How Does Helicase Unwind DNA? Helicase moves unidirectionally along the DNA, coupling the translocation with the local base pair separation. Therefore, the movement of helicase along DNA makes and breaks interactions with DNA. However, helicase mainly breaks hydrogen bonds between annealed nucleotide bases.
Helicase is an enzyme vital in unpacking double-stranded DNA. They are motor proteins that move unidirectionally along the phosphodiester backbone of the nucleic acid.
Key Areas Covered
Helicase, Unwind DNA
What is Helicase
Helicase is a class of enzymes that unpack double-stranded DNA. It is also a type of motor protein that moves directionally along the phosphodiester backbone of the nucleic acid. This, in turn, separates the hybridized nucleic acid strands. The enzyme helicase uses energy from ATP hydrolysis. Around 1% of the eukaryotic genes encode for helicases. In the human genome, there are 95 non-redundant helicases. Out of that, 64 helicases are RNA helicases, while 31 helicases are DNA helicases.
Generally, the unpacking of nucleic acid is important for nucleic acid metabolism. Therefore, it is important in many cellular processes, including DNA replication, transcription, translation, DNA repair, recombination, and ribosome biogenesis. Normally, these processes involve the separation of nucleic acids. In addition, helicase uses the energy of ATP hydrolysis for the unwinding process. Therefore, helicases involve in the mechanical process of translocation, which in turn undergoes nucleic acid separation.
How Does Helicase Unwind DNA
Helicase is the enzyme that unwinds the double-stranded DNA into single strands as well as double-stranded RNA into single-stranded RNA to remove the secondary structures of RNA. Therefore, the main function of helicase is to undergo the separation of DNA double-helix or self-annealing RNA molecules using the energy from ATP hydrolysis. The main feature of the process is that it involves breaking hydrogen bonds between nucleotide bases that keep the double strand together. Helicases also help in the removal of nucleic-acid-associated proteins while catalyzing homologous DNA recombination.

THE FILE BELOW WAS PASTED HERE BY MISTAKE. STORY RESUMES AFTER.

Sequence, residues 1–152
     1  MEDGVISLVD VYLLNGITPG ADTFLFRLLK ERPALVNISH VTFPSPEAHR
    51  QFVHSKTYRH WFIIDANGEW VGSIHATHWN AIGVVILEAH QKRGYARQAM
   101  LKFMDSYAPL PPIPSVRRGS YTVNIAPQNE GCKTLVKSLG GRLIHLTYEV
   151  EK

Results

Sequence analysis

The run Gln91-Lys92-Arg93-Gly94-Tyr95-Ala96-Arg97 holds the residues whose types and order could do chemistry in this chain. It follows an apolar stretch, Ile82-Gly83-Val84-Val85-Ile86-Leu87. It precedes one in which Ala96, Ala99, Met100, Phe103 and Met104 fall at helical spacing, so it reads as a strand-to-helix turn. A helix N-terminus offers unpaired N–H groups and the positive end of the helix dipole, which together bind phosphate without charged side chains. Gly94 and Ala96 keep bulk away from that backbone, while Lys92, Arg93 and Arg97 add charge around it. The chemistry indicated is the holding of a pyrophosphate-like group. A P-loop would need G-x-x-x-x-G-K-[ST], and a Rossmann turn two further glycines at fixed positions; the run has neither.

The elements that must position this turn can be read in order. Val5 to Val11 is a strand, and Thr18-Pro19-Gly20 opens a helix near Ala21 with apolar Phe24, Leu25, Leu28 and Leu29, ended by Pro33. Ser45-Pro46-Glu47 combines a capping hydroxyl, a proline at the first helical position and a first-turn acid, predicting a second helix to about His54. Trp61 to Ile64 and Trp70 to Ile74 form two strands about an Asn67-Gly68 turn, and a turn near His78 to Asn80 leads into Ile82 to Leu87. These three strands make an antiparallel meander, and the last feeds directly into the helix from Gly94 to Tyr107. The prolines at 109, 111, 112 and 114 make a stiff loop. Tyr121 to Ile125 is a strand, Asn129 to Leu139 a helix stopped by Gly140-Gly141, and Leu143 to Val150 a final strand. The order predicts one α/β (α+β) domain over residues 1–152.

Furthermore, the movement of the helicase along the double-stranded DNA is directional, and the processivity depends on the type of helicase. Usually, DnaB-like helicases are responsible for the unwinding of DNA. They are ring-shaped hexamers. However, most of the other helicases are monomers or dimers. Normally, the processivity and the uncatalyzed unwinding are responsible for the displacement of strands.
However, the main characteristic feature of DNA helicases is that they unwind the DNA double-strand by breaking hydrogen bonds while removing the DNA-binding proteins from the DNA strands. In addition, the unwinding requires energy from ATP hydrolysis. Helicase moves directionally, breaking the hydrogen bonds and removing DNA-binding proteins to keep the different processes active. Apart from that, DnaB-like helicases are important during processes such as DNA replication. These helicases also occur in the replication fork during DNA replication. Some examples of metabolic processes that use helicases for unwinding DNA include ribosome biogenesis, transcription, translation, RNA splicing, RNA editing, RNA transport, and RNA degradation.
Helicase is an enzyme responsible for the unpacking of nucleic acids during nucleic acid metabolism. Usually, the main types of nucleic acid metabolism events include DNA replication, transcription, translation, ribosome biogenesis, RNA editing, RNA splicing, RNA transport, and RNA degradation. Helicases serve as motor proteins that are unidirectional. Meanwhile, helicases’ main function includes removing nucleic acid-binding proteins from the nucleic acid backbone and breaking the hydrogen bonds that keep the two nucleic acid strands together. Moreover, helicases require energy from ATP hydrolysis to carry out the process. DnaB is a hexameric helicase responsible for the unwinding of DNA strands. Therefore, it is the helicase that occurs in the replication fork during DNA replication.
- “Helicase.” Wikipedia. Wikimedia Foundation.